1. How do I buy a house?
Be an informed consumer; buying a house or condominium is one of the most complicated and expensive purchases you will ever make. As with most other things, you get what you pay for. Look at and compare many houses in different areas, both new and used. Before you make a written offer, know exactly what you are buying and what the costs will be after you own it.
For example, in addition to the monthly principal and interest payments that you will have to finance the purchase of the home, you need to budget for utility bills, property taxes, insurance and maintenance costs. If you buy a home that is part of a homeowner's association, you also will have to pay monthly association fees. Many homeowners may be charged special assessments by their city or municipality for such things as sewers, street lights and garbage collection. Make sure you ask the seller to show you the bills for all these charges for the last year; find out if these assessments are scheduled to be placed on the property in the future.
Also, check the condition of the house and of any appliances that are included in the sale. If you buy a "fixer-upper," make sure you know what you are getting into.
2. Do I need a real estate agent or an attorney?
Real estate agents can help you find a suitable house. Most used homes are listed for sale by a real estate broker who represents the seller. Usually you will not have to pay your agent a fee because your agent will receive commission from the seller once the home is sold.
Real estate agents also can help you with other necessary matters such as obtaining a loan and getting through all the procedures involved in buying a home. In most real estate transactions, the real estate agent is required to disclose whether he or she represents the buyer, the seller or both.
If you don't know a good agent, ask friends and co-workers to recommend one. Or talk to several agents until you find one that you believe will do the best job for you. You should seek a real estate agent to represent you exclusively.
To be sure you understand all your rights and responsibilities, it is advisable to see an attorney who has experience in real estate law before you sign anything.
A lawyer also can help you with the legal and tax questions that come up during the purchase. For more information on how to locate an attorney, order a free copy of the State Bar's pamphlet, How Can I Find and Hire the Right Lawyer?, by sending a stamped, self- addressed envelope with your request to: State Bar Pamphlets, 555 Franklin Street, San Francisco, California, 94102.
3. What information must the seller provide me?
In most cases, when you are preparing to buy a home, the seller must provide you with a Real Estate Transfer Disclosure Statement. This is a printed form that lists all features and structural defects such as roof, foundation or wiring problems. The seller also must include possible troubles he or she is aware of - such a easements, environmental hazards, landfill, flooding, the right of other people to come on the property; zoning violations or noise problems. It is also the duty of the seller's agent to conduct a visual inspection of the home for a prospective buyer and report all facts materially affecting the value or desirability of the property.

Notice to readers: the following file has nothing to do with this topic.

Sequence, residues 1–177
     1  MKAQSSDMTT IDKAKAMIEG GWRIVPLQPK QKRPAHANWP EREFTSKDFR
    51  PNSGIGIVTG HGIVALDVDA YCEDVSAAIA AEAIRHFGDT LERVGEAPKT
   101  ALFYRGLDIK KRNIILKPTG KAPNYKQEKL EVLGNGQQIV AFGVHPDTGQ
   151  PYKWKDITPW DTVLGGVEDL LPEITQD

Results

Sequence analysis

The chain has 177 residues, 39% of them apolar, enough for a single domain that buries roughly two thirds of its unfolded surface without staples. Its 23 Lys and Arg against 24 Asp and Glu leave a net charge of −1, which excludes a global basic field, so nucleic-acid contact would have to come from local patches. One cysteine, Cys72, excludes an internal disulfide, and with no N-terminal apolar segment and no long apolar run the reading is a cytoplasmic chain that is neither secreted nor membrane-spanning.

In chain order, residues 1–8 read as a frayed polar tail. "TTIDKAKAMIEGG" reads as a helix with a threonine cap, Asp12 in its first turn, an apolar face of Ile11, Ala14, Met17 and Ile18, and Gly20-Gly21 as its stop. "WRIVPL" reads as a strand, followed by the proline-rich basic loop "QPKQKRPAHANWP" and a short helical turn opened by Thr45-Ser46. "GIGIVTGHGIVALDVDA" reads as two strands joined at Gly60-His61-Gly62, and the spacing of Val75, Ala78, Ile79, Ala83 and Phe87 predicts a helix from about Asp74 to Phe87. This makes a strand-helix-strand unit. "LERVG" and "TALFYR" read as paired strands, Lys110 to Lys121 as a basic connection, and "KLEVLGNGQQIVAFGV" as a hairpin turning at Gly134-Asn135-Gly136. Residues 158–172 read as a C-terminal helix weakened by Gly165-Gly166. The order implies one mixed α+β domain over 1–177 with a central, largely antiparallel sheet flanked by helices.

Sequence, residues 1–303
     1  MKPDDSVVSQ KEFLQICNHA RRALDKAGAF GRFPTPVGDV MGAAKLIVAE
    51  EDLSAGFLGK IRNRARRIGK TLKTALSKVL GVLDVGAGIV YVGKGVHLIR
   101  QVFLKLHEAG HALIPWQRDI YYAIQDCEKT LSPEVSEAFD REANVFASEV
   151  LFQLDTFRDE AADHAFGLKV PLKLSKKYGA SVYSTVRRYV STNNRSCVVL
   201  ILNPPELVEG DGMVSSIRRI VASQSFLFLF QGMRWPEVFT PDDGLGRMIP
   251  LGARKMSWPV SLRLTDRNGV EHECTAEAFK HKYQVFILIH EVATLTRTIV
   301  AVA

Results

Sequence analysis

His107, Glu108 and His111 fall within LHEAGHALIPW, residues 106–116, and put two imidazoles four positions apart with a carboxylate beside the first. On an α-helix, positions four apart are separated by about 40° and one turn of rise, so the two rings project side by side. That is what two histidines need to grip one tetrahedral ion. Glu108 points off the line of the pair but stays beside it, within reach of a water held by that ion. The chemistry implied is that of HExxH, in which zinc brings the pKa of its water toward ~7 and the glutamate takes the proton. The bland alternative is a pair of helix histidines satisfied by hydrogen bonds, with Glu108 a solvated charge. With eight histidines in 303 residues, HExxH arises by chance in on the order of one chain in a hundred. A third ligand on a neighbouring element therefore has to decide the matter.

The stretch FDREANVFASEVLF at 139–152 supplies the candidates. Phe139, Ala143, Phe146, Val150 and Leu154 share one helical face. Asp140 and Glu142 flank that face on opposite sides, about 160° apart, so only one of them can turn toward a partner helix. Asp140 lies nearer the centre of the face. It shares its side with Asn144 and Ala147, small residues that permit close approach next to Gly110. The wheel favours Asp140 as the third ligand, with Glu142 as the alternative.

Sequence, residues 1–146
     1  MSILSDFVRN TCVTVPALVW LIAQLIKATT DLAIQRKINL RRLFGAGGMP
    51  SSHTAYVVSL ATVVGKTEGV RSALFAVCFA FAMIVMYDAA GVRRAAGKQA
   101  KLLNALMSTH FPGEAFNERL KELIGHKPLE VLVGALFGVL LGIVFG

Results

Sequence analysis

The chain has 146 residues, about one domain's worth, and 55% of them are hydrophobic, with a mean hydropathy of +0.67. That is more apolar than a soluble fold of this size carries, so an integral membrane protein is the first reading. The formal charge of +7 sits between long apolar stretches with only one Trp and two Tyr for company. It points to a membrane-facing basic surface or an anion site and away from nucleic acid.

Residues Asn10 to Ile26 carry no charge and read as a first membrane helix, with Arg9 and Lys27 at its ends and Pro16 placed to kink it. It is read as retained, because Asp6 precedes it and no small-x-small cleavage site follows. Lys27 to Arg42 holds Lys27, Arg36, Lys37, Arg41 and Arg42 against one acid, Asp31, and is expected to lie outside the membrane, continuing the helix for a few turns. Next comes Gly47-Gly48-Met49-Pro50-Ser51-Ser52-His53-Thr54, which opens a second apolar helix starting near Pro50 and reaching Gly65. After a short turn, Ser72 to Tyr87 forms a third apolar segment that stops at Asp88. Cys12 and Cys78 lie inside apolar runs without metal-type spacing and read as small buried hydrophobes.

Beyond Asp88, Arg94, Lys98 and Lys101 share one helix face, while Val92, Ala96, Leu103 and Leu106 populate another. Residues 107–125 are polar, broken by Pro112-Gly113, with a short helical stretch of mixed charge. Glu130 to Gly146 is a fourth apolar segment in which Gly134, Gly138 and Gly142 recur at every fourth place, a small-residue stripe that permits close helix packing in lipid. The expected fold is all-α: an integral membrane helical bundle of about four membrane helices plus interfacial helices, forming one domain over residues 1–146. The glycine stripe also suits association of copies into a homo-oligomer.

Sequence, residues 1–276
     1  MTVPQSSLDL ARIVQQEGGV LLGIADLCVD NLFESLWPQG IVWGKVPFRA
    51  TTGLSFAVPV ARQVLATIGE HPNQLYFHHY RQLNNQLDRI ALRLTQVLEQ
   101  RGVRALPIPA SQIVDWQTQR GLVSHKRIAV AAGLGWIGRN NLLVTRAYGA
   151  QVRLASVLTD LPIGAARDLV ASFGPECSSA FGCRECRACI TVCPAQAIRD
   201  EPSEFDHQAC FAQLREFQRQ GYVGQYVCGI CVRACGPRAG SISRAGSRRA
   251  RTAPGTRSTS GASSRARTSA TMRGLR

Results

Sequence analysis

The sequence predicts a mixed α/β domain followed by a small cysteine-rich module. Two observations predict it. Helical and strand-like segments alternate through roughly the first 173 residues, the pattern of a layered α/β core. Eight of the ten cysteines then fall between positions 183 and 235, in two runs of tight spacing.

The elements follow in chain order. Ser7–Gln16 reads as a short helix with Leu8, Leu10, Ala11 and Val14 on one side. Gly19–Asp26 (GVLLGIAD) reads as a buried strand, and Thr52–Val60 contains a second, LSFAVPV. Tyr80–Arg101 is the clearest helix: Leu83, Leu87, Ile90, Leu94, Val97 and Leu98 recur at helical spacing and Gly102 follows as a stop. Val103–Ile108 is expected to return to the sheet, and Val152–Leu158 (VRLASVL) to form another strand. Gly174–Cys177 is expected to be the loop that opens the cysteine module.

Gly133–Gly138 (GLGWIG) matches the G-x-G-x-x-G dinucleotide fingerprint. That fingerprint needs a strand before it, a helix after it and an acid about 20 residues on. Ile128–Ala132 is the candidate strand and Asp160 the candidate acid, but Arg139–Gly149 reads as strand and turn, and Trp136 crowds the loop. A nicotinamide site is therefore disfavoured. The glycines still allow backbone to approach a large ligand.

If you want information that is not covered by the disclosure form, put your questions in writing and ask the seller for written answers.
If you and/or the seller are using a real estate agent, they also must fill out sections of the disclosure form. However, the agents are required only to make a visual inspection of the property and list any problems they see or suspect. The seller's obligation is to honestly disclose such information, but the seller's and agent's disclosure is not part of the contract between the seller and buyer, and is not a warranty by the seller.
If you buy a condominium, the seller must give you copies of the homeowners' association bylaws, financial statements and other documents and must tell you about any assessments that are unpaid. You also should ask to see the minutes of association board meetings. Perhaps, for example, there are lawsuits that have been discussed that might affect the value of the condominium.
4. Should the house be inspected?
Before buying used property, it is advisable to have it inspected by trained specialists who might find problems that no one suspects.
The kinds of inspections you need depend on the location and condition of the property. For example, in a hillside area, you might want a soil stability inspection.
Most buyers should have at least a general home inspection to find out if the house is structurally sound; a pest control inspection to see if the house has been infected by termites or dry rot; and, an asbestos inspection. A real estate agent can advise you about additional inspections.
5. How do I make an offer on a house?